Saturday, April 07, 2007

Tasty Tastings

The Chico ER is worthless (big surprise to hear that coming from a columnist for a struggling weekly). I don't watch TV news, but a couple of people told me they saw a TV news story about old lady driving through the front window of Vino 100. So I went to the Chico ER website and spent about 15 minutes trying to find word one on the story. Nada. A Google search turned up only two media sources that mentioned the story: the KNVN website and - guess what - the Chico Beat. Isn’t the ER supposed to be the daily news source for Chico? Kudos to KNVN and the Beat for actually covering local news. Sheesh.

Anyway, my sincere condolences to Debby Stewart and the crew at Vino 100. I saw a photo of the accident on the KNVN website, and I know that old lady took out your entire collection of Riedel stemware (that's the fancy stuff that costs up to $80 a glass). Ouch! There were a couple of real nice decanters in that window display as well. What a shame.

Of course, an accident like that could make great fodder for a person like me, but things like that are a bit less funny when you know the people involved, so I’m going to pass.

What I’m not going to pass on is an opportunity to write about the two “wine tasting shops” (for lack of a better phrase) that we have here in Chico: Vino 100 (sporting a brand new front door, I hear) and Creekside Cellars.

The tough part about writing this particular column – and the reason that I’ve put it off so long – is that it’s difficult to be the sarcastic, snobby wine writer without saying something that might cause these people to spit in the next glass of wine they serve me.

See what I mean? Of course they would never do that, but it’s difficult to balance journalistic honesty with a desire to get free tastes of wine. But I’ll do my best.

Vino 100 and Creekside Cellars are very similar in basic concept. They’re both a nicely appointed shops with wine bottles lining the walls and small tables to sit at and taste the wares. A selection of wines are available for tastings at certain times. Call them to find out when and what they'll be tasting.

The local Vino 100 ( on Mangrove next to Sports LTD, is run by the enthusiastic Debby Stewart, and is based on the noble concept of “one hundred great wines for $25 or less.” Indeed, though I haven’t counted, they certainly have at least that many varieties of wines. In addition, they carry far and away the widest selection of locally produced wines of any place in town. Sadly, many of these local wines suck (see, now I’m in trouble), but I think it’s truly wonderful that Vino 100 is supporting local wineries and giving them exposure to consumers. I honestly think that the more people try local wines, the more incentive these wineries will have to produce better wines.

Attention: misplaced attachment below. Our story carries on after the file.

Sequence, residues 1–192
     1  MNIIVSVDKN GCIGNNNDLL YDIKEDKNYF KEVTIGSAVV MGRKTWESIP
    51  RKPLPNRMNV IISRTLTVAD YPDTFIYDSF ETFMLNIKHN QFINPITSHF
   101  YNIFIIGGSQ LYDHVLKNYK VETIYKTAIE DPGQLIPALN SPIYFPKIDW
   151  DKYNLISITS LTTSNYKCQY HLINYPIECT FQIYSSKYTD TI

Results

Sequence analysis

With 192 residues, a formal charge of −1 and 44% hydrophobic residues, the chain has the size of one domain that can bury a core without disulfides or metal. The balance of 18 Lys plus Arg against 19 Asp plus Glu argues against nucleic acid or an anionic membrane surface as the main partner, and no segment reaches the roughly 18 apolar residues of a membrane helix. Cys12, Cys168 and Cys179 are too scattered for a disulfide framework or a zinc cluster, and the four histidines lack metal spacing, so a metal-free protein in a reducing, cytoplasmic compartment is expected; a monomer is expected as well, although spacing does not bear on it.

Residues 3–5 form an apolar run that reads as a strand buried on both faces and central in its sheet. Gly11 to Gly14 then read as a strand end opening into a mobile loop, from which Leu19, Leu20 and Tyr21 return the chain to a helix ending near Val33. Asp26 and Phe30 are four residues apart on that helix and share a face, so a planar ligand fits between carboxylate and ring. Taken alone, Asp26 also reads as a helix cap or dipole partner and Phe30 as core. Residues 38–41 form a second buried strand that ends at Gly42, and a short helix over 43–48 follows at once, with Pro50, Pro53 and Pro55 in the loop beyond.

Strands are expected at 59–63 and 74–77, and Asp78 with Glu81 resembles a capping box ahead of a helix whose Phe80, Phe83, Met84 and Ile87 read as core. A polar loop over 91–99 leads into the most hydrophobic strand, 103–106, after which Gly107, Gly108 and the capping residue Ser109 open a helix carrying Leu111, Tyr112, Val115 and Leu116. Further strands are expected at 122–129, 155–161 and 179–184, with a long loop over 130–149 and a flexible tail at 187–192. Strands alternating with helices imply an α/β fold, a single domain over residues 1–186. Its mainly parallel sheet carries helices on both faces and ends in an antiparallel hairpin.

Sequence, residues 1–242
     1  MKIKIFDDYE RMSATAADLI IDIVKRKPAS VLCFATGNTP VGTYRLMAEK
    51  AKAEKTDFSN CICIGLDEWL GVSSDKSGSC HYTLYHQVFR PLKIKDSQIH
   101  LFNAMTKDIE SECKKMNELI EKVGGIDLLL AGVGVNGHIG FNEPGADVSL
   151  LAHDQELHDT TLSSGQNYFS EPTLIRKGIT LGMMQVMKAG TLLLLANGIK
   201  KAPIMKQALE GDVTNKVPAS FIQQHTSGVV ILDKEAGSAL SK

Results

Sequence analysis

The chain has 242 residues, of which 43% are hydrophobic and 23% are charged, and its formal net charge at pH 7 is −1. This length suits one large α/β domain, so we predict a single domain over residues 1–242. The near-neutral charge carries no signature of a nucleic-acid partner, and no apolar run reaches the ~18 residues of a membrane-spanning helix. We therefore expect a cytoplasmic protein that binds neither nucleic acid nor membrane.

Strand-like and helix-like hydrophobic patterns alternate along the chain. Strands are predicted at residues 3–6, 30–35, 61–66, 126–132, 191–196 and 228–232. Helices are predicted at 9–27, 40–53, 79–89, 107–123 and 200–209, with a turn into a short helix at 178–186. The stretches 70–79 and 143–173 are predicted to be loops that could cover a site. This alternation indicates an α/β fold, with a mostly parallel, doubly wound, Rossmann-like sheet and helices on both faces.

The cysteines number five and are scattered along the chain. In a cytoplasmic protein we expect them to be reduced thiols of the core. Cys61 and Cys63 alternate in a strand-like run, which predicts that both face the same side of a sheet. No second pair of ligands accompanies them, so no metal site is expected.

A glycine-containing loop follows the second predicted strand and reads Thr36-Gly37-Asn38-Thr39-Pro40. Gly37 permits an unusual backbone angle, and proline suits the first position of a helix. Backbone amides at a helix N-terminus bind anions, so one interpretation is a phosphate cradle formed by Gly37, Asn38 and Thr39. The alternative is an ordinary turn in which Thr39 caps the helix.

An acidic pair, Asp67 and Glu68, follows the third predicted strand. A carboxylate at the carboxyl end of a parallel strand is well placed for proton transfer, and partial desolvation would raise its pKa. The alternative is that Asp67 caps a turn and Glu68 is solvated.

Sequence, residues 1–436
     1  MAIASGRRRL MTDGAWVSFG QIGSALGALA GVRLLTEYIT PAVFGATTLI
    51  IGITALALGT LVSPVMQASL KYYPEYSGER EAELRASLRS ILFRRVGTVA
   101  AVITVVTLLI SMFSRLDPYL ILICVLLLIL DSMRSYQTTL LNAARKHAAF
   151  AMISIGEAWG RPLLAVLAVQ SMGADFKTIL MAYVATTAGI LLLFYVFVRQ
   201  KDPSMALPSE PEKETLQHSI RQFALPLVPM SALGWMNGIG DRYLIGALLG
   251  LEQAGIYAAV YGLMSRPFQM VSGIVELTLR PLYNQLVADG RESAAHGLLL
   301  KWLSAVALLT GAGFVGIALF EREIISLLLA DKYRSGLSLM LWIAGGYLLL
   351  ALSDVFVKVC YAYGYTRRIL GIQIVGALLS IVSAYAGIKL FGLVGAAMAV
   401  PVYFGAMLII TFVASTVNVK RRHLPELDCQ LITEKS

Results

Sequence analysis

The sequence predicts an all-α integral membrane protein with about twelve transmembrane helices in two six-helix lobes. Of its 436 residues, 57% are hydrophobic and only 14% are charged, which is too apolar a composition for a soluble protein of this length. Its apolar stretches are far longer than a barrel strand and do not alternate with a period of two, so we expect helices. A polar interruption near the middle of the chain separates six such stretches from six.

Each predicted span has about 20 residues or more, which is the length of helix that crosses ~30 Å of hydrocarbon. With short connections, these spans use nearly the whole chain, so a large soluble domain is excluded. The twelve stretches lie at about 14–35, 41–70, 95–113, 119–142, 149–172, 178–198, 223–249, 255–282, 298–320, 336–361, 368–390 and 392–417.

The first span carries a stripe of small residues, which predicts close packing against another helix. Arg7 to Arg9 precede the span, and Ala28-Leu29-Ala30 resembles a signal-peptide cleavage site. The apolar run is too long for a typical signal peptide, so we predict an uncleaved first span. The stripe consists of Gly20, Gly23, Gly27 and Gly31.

Creekside Cellars (, just around the corner near Morning Thunder, is owned and operated by Brenda and Dennis McLaughlin. They have a somewhat more eclectic (and in some cases much more expensive) selection of wines that Vino 100. Aside from the wine selection, the big draw at Creekside Cellars is the cheese case. They have a small but incredible selection of local and international cheeses. The aged Gouda is the crack cocaine of cheeses. Seriously. They have a huge wheel of the stuff. Someday, I’m going to break in at night and steal it.

Though I like wine tasting at both, it’s always amused me how different they are atmosphere-wise. Vino 100 is more Rock n’ Roll and baseball, while Creekside Cellars is more Classical music and cricket (OK, the cricket metaphor doesn’t work, but you get the idea). Thursday nights at Vino 100 can definitely take on a party atmosphere, while any night at Creekside Cellars won’t be much different than visiting a nice restaurant.

And that’s fine. Depending upon your mood you can go to either place. If you want a quiet evening, go to Creekside Cellars. If you want to socialize and have a good time, go to Vino 100.

What about the wines? Personally I've tended to like the wines I’ve tasted at Creekside Cellars better, but then Creekside Cellars isn’t afraid of serving a $50 bottle of wine. On the other hand, Vino 100 has an amazing willingness to try some offbeat wines you’d never get to taste otherwise. Some of those are hits and some are misses, but if you are the experimental type, Vino 100 might be more your taste.

In the end, they’re both worth visiting. You’ll get to try new wines from new places, and trying new wines is the only way to learn what wines you like.


Come on, do I really have to spell it out? Not the sharpest tool in the shed, are we? OK, OK. Your homework is to visit both Vino 100 and Creekside Cellars. Not just one – both. Tell them that Tony sent you. But please, visit them on separate nights. I don’t want you driving through anyone’s front window.

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